High-efficiency appliances, lights and other end-use technologies need less electricity than their conventional counterparts to provide the same services. By using more efficient devices, off-grid communities can install smaller, less expensive mini-grids or tap unused capacity for productive uses of energy.

Some mini-grid companies promote or provide high-efficiency direct current (DC) appliances and lighting as part of their business models. Devergy and Solaric, for example, sell efficient DC appliances at affordable prices to help increase demand for electricity. These companies count on satisfied customers purchasing additional high-efficiency products and encouraging other consumers through word-of-mouth advertising.

The following sections describe energy-efficiency innovations in lighting, agro-processing, water pumping, refrigeration and DC appliances.

Further Explanation of Key Points

Lighting and Electronics

The use of light-emitting diodes (LEDs) has significantly decreased the amount of electricity required for basic household lighting. LED light bulbs use only about 10 percent of the energy required by traditional incandescent bulbs. As a result, the solar-lighting market has grown significantly. Similarly, efficient TVs and DVD players with LED screens and smartphones are changing electricity requirements for communications and entertainment.


In rural areas in developing countries, agricultural processing tasks such as grinding grain, milling rice, husking corn and shredding coconut are generally done by hand—often by women—or with the use of diesel-powered mills. New, more efficient agro-processing units for rice, corn, coconut and sweet potato, such as those developed by Village Infrastructure Angels, are in the early stages of commercial deployment.

For example, Village Infrastructure Angels helped install efficient mills in Sumba, Indonesia. By using solar mills, making 1 kg of milled corn for a family’s daily consumption, which previously took 1 hour to shell and smash corn with rocks, became a 5-minute job. The potential time saving of each mill over 5 years for a 100-household village is 100,000 hours, or the equivalent of 10 full-time jobs. This project is now scaling up to 2,500 households with support from the Millennium Challenge Account - Indonesia and other investors.


Conventional refrigeration relies on compression and expansion of a refrigerant such as freon. Magnetic refrigeration uses magnetocaloric alloys, which have a lower heat capacity in the presence of a magnetic field. Magnetic refrigerators expose the alloy to a magnetic field and then remove the field in a continuous cycle. By circulating a fluid with the changing magnetic field, the system can pump heat from one area to another.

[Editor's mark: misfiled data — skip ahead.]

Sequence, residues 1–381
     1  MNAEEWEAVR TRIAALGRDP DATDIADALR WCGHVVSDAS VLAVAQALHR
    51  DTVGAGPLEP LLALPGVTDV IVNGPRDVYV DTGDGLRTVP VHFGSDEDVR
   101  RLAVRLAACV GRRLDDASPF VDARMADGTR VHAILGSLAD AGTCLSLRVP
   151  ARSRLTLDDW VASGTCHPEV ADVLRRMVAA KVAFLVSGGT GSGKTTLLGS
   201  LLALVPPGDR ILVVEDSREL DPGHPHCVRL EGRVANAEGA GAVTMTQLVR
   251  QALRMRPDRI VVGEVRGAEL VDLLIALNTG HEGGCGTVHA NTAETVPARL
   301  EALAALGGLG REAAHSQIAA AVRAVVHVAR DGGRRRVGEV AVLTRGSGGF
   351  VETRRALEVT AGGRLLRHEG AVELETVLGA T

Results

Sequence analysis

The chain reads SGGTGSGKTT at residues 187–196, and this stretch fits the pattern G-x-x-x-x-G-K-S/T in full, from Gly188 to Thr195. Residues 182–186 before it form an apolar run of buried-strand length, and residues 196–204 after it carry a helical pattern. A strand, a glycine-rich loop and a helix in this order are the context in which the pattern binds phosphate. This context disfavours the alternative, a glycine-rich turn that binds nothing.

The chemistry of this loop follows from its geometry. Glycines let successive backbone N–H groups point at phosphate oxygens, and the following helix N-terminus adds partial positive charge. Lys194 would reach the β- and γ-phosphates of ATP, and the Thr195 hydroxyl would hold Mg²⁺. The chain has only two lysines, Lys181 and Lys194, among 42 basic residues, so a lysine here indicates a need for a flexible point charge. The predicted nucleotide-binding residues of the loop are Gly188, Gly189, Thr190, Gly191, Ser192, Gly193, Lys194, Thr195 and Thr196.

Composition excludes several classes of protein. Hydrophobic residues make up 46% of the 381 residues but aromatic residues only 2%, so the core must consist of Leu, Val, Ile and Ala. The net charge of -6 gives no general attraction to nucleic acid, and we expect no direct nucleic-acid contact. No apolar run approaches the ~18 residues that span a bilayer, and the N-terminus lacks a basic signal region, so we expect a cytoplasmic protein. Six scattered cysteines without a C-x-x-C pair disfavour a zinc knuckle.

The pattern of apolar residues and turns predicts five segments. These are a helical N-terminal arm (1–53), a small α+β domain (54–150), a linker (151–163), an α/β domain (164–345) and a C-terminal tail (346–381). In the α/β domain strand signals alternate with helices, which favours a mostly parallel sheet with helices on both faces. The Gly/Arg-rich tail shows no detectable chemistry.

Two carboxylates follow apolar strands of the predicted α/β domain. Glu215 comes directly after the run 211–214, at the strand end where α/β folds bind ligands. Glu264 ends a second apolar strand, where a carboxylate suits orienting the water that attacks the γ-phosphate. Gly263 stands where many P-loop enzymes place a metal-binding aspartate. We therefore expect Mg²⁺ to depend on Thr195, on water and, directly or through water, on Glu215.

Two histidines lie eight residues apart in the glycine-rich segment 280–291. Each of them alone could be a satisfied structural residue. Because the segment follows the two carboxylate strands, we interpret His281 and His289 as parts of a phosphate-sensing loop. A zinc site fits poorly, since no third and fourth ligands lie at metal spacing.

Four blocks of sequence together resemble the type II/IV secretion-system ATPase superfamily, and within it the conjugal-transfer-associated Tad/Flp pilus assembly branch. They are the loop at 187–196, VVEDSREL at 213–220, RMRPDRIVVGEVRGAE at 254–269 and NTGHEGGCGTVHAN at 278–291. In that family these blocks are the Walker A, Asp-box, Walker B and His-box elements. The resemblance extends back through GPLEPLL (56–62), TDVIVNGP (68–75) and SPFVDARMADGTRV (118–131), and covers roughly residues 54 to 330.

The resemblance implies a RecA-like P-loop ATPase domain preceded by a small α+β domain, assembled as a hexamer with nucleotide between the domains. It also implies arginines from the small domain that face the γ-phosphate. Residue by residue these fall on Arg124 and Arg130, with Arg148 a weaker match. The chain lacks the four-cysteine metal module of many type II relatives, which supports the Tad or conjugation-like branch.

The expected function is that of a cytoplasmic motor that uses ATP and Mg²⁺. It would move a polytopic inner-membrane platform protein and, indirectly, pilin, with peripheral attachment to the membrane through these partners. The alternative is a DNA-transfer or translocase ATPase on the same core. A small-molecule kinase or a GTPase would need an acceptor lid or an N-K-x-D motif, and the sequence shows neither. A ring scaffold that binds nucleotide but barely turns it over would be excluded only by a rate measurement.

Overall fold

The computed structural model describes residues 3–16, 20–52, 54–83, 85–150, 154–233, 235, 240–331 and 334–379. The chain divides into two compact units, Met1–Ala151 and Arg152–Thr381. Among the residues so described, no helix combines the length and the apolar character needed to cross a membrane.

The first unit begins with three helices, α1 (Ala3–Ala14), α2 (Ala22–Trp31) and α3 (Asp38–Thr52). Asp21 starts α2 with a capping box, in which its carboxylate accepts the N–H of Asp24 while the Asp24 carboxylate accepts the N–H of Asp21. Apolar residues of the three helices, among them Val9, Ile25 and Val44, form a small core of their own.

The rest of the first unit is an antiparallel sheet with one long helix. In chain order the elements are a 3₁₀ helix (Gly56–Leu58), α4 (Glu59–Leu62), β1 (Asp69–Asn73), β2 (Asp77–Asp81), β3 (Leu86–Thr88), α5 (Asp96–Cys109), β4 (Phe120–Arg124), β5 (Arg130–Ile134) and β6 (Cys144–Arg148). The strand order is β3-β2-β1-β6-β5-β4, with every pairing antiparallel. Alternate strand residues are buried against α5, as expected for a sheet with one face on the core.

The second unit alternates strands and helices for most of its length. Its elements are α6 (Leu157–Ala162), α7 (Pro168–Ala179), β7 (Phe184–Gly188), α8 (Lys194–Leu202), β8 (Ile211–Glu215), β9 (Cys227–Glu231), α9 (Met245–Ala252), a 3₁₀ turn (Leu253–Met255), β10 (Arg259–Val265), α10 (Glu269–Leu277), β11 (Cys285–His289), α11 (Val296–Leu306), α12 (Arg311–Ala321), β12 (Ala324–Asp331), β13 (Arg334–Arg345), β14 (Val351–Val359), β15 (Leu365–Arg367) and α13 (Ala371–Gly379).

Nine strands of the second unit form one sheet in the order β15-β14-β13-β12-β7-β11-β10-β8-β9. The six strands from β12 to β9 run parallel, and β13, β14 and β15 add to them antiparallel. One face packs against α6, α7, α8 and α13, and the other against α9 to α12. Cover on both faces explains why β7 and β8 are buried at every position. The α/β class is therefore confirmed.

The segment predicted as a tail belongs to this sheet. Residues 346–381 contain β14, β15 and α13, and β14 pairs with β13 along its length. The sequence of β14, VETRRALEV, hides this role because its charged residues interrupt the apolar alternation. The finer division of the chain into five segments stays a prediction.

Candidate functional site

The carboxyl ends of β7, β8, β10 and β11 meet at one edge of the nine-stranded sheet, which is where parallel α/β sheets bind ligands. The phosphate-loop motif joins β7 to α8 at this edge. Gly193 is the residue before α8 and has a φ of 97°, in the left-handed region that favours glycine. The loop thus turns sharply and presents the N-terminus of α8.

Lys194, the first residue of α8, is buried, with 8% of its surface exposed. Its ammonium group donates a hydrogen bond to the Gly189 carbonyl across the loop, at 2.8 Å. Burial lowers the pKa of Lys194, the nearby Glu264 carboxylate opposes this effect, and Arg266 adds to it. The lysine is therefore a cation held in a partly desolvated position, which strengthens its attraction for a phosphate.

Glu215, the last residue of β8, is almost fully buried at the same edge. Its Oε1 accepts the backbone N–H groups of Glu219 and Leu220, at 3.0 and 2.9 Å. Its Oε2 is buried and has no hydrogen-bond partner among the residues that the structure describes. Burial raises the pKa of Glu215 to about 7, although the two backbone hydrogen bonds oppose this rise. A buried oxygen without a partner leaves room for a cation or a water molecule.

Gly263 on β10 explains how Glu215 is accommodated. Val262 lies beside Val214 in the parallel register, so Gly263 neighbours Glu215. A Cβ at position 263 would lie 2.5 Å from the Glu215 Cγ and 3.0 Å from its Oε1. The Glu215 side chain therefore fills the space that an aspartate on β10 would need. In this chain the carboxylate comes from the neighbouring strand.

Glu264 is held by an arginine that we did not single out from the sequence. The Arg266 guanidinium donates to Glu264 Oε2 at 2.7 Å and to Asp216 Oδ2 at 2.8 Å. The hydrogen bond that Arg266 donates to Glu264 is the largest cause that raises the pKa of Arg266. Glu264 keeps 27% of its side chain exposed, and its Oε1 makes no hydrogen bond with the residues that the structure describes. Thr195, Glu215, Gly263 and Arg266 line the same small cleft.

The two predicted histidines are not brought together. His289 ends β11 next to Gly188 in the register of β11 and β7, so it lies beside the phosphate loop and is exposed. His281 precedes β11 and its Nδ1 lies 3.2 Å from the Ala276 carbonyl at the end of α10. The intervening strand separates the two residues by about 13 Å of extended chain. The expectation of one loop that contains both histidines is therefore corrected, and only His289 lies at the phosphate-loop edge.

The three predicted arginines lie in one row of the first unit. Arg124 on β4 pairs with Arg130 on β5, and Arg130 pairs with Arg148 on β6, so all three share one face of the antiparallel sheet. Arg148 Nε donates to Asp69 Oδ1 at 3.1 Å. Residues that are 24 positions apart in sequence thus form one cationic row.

Magnetic refrigerators are up to 35 percent more energy efficient than conventional refrigerators, and they are much quieter. As of January 2015, Haier, in collaboration with BASF and Astronautics Corporation of America, had developed the technology to proof-of-concept stage.

Peltier junctions, a new semiconductor technology, has enabled developers to create a refrigerator with no moving parts. Peltier junctions create a temperature differential when electrical current flows through them, known as the Peltier (or thermoelectric) effect. Refrigerators with Peltier junctions have no moving parts and have a longer lifespan, but they are less efficient than conventional compressor-based systems.

USAID’s Powering Agriculture: An Energy Grand Challenge for Development program has supported innovative biogas and solar chilling devices, with a particular focus on the dairy and horticulture industries.

DC Appliances

Highly efficient, reliable DC appliances can stretch the limited electricity from mini-grids much further. Unfortunately, in addition to lacking good receptacles, most DC appliances manufactured for off-grid use are inefficient and low quality. In rural off-grid markets where electricity is expensive and limited, inefficient appliances increase household energy costs.

The Global Lighting and Energy Access Partnership (Global LEAP) Awards is addressing this challenge through an international competition to identify the world’s best low-voltage DC appliances for off-grid use. Products nominated for awards are evaluated for affordability, quality, durability and energy efficiency. Finalists are tested according to internationally accepted laboratory methods, and a panel of independent experts chooses the winners. So far, the Global LEAP Awards has held competitions for LED lighting products and flat-screen TVs. These awards, combined with media outreach, help create demand for higher-quality, super-efficient DC appliances.